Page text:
Aspirational Heroes and Super-People Stories

I think a lot about Superman. The big guy. The classic cape.

Superman is a great image. He’s really difficult to get a handle on, while being remarkably simple.

Superman, famously created by two small, awkward, and Jewish young men. Superman, who has been decried for decades for being dull, “goody goody,” and one-dimensional. 
I was one of those people. I devoured comics with a voracious appetite for my entire childhood, but I never owned a single Superman comic until my 30s. I just didn’t care. He didn’t seem to have the depth and humanity that I wanted from my super-people, and I ignored him. My childhood especially was the age of gritty, “real” characters. Even super campy and absurd Batman became dark and serious. I loved the X-men, Spider-Man, the Marvel heroes who seemed so like me. Only, you know… superhuman and powerful and stuff. But otherwise!
Sadly, I didn’t get Superman. Because Superman’s appeal is exactly that he isn’t normal. He’s a classic aspirational hero, someone who you look up to and wish to emulate. He’s not someone who has relatable flaws and weaknesses- though he sometimes does. He’s distanced from humanity by the fact of his nature, but he’s an ideal to strive for nonetheless. He’s our collective wish that we grow better, that we become great. He’s that imagined self inside of us that walks to the ledge to help the sick girl.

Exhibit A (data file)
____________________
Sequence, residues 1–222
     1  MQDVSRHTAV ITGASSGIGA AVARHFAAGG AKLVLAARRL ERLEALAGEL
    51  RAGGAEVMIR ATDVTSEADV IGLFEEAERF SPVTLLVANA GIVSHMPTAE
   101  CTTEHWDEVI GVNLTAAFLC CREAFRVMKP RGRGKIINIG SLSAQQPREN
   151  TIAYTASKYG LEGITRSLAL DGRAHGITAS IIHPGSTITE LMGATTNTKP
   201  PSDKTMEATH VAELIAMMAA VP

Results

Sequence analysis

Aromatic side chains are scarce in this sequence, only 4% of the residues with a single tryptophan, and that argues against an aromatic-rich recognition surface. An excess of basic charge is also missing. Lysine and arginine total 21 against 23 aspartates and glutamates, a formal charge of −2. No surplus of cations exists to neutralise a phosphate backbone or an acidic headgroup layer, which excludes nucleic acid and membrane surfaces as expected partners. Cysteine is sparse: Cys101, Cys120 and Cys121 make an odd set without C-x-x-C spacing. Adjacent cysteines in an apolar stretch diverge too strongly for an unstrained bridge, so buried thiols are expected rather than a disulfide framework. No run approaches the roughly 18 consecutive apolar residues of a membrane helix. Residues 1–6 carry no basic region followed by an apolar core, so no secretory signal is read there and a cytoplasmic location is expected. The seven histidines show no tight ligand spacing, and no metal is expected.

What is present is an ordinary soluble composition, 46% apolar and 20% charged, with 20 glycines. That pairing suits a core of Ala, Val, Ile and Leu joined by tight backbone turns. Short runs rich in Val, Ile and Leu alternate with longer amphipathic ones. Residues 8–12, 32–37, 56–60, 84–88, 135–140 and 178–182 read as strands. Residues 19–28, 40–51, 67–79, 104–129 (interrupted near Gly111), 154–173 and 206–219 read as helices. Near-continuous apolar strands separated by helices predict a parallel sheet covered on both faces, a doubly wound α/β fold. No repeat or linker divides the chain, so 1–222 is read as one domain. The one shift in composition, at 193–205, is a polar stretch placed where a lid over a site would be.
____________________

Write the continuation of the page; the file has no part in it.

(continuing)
I avoided superhero comics for many years. The male power fantasy irritated me. The characters I loved were still shallow, simple caricatures of real people. Actual human problems were occurring, making me ashamed of the ludicrous problems playing out on paneled pages. 
But I forgot one thing, and that one thing drew me back to comics as an adult- The stories reflect our human stories. They are out-sized, silly or absurd. But they’re humanity writ large. They’re our aspirations and dreams. They’re our fears and pains in our heads that force us to the edge, and the heroes in our hearts that pull us back. 
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